Beijing

View of “Gu Dexin,” 2016–17.

View of “Gu Dexin,” 2016–17.

Gu Dexin

Diplomatic Residence Compound

View of “Gu Dexin,” 2016–17.

The exhibition “Gu Dexin 1994-02-04” at Beijing’s Diplomatic Residence Compound excavated and assembled a more than twenty-year-old artwork by Gu Dexin, a radical, self-taught artist and founding member of Beijing’s New Measurement Group in 1988. An installation made of metal pipes, models of human body parts, and light fixtures, the work actually had never before been realized. When assembled, the apparatus condenses steam: Droplets of liquid drip from the pipes into a model of an open mouth placed on the floor. After thoroughly searching Gu’s archive for more information about this piece, the curators could find only a single sketch, published in the Beijing Youth Daily newspaper on February 4, 1994.

In China in the mid-’90s, it was general knowledge that if a work of contemporary art was not displayed in a public exhibition, in a sense it never existed; a piece that was not viewed officially could not be written into art history. This method of historiography is reaffirmed and reinforced by Wu Hung’s recent publication, An Exhibition about Exhibitions: Displaying Experimental Art in the 1990s (2016), which accompanied a show of the same name. In fact, by the late ’90s, contemporary Chinese art practice revolved around the right to organize and present exhibitions in public spaces, as well as the negotiations, conflicts, and challenges that attended these events. In turn, these exhibitions generated a kind of collective memory via their accompanying systems of published criticism and information dissemination.

However, this exhibition suggested an alternative, or even opposite, interpretation—one that offered a chance to reread contemporary Chinese art history. First, the site has a unique history. The Diplomatic Residence Compound at Jianguomen was one of the most important locations for gongyu yishu, or “apartment art,” a term forged by Gao Minglu to refer to certain self-organized art events practiced and viewed within an exclusive circle from the mid-’80s through the late ’90s. Due to the lack of exhibition spaces and the fact that the legitimacy of contemporary art was still called into question at that time, the public showcasing of contemporary artworks was highly selective and usually subject to government censorship. Therefore, many private locations, such as homes and offices, were appropriated by artists and critics as alternative venues for viewing contemporary art. More importantly, as the country began to experience a burgeoning economy and rapidly increasing importance in the global art market, Chinese art was suddenly immersed in the illusive ecstasy of its own public “visibility.” The promise of appearing on a broader, international stage and the accompanying market fever enticed the once avant-garde to descend into self-replication, branding, and the mass production of Political Pop and Gaudy Art (which enjoyed the most commercial success). Gu and other contemporary artists chose, once again, to retreat from the public exhibition scene to the privacy of “the apartment,” preferring to sacrifice public visibility rather than secure their place in history. The historical relevance of the Diplomatic Residence furthers the exhibition’s conceptual entanglement in questions of “visibility”: Can art only be “seen” and thereby “remembered” through public display, and who here is the witness? Gu’s practice provides an alternative footnote to this question.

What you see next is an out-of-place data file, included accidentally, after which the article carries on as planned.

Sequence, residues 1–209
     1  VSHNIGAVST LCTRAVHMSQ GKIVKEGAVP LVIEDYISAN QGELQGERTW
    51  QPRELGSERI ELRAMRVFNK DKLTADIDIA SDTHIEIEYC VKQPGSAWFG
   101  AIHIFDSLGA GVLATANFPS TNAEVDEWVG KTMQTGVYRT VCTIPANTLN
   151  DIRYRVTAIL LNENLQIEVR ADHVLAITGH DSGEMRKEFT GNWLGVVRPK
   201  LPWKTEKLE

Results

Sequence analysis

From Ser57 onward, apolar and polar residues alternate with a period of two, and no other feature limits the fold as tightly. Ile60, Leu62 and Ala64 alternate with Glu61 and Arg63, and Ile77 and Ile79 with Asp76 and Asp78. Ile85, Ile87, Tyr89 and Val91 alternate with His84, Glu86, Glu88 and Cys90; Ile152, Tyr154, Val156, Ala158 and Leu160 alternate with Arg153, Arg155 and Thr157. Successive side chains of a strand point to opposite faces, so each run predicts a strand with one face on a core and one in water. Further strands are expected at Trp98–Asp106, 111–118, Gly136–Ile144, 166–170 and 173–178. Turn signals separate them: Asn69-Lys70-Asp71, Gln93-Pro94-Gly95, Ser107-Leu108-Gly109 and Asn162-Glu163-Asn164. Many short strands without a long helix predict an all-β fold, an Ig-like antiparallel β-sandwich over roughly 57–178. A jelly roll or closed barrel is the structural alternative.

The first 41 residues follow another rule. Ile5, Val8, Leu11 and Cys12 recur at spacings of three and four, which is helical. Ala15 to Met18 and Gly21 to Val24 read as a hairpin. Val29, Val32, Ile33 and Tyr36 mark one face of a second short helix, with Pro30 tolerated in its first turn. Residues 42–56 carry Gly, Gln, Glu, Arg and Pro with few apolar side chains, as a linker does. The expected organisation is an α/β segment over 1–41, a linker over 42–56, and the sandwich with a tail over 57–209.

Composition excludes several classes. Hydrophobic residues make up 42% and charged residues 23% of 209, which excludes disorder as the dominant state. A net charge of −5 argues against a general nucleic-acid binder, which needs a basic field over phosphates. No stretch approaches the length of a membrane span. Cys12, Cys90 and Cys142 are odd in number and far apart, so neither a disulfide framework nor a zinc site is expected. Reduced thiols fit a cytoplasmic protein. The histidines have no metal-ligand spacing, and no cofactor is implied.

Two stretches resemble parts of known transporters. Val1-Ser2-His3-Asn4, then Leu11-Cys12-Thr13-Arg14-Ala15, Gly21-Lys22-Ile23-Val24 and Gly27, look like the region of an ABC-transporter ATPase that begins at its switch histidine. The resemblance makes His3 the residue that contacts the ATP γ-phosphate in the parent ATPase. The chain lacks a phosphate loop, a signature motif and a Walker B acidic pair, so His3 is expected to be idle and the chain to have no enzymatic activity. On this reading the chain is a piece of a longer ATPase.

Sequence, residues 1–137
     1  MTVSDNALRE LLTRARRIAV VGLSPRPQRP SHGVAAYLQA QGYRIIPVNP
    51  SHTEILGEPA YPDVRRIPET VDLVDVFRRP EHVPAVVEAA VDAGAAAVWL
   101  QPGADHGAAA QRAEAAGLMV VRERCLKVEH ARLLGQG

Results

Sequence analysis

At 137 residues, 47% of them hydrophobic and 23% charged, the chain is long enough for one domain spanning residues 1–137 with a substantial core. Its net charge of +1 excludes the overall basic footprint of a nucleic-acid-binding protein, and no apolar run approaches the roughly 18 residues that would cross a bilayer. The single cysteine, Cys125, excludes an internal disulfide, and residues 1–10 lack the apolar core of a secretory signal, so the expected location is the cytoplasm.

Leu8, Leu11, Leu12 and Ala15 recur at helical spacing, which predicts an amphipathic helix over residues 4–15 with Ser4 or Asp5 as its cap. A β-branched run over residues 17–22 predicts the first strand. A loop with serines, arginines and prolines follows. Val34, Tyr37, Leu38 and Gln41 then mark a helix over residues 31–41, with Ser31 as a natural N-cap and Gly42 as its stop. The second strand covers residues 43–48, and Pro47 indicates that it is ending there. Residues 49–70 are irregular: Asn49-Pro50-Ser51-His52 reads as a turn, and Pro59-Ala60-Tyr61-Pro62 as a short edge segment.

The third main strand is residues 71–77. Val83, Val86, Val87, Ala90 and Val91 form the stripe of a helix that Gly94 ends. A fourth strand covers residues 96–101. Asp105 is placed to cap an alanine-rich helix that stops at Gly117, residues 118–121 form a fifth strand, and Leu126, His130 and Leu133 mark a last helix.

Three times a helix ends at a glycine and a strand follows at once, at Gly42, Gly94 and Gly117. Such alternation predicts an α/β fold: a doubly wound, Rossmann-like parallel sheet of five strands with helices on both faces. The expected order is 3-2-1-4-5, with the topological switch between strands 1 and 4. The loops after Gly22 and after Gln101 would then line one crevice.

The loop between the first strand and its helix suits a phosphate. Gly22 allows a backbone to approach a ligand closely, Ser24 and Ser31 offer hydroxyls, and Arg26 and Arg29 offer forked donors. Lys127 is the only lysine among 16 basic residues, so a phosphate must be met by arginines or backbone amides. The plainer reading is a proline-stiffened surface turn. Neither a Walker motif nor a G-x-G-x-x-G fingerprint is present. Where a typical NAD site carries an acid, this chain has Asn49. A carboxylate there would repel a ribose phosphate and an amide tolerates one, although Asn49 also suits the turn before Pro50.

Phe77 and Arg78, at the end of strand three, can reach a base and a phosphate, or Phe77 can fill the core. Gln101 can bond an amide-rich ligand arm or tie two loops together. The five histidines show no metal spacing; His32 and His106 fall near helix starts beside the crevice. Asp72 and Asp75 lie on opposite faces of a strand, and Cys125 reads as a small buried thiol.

A copy of the newspaper that published the first and only sketch is also on display in this exhibition. The caption described Gu’s installation as a plan for a family bar: A beer-dispensing device is fastened to brackets, the light carries water, and the surrounding beer bottles are the seats. The sketch was actually a proposal for an exhibition titled “1994 Interior Design Art Proposals Exhibition.” Saved from oblivion, this rare message delineates a different way in which contemporary art interacted with Chinese history. It is hard to imagine that Chinese contemporary art, characterized by its introspection and fixation on remaining autonomous from mass culture, had already begun to mimic popular interior design. Printed on the same newspaper page is a report on the art market, a feature on Marc Chagall, and exhibition reviews of Zhang Xiaogang and Ye Yongqing, with illustrations including a painting from Zhang’s “Bloodline––Big Family” series, an image of an installation by Xu Bing, a selection of traditional Chinese landscape paintings, and other works depicting flowers and birds. A column titled People Talk About Art seeks input from readers about which work they like the most. The significance of this query should not be overlooked; in 1994, the circulation of Beijing Youth Daily was about 400,000 each day. Considering this was a mass publication and not a specialized art magazine, how did this number of general readers perceive contemporary art? This dialogue should at least shatter the assumption that Chinese contemporary art in the ’90s belonged only to a small group and via traditional channels of public spaces. This broadsheet demonstrates that the art world was neither overly exclusive nor self-absorbed. The interpretations of collective memory found in this exhibition invite history into the present day, as an active system of continual circulation.

Li Jia

Translated from Chinese by Chelsea Liu.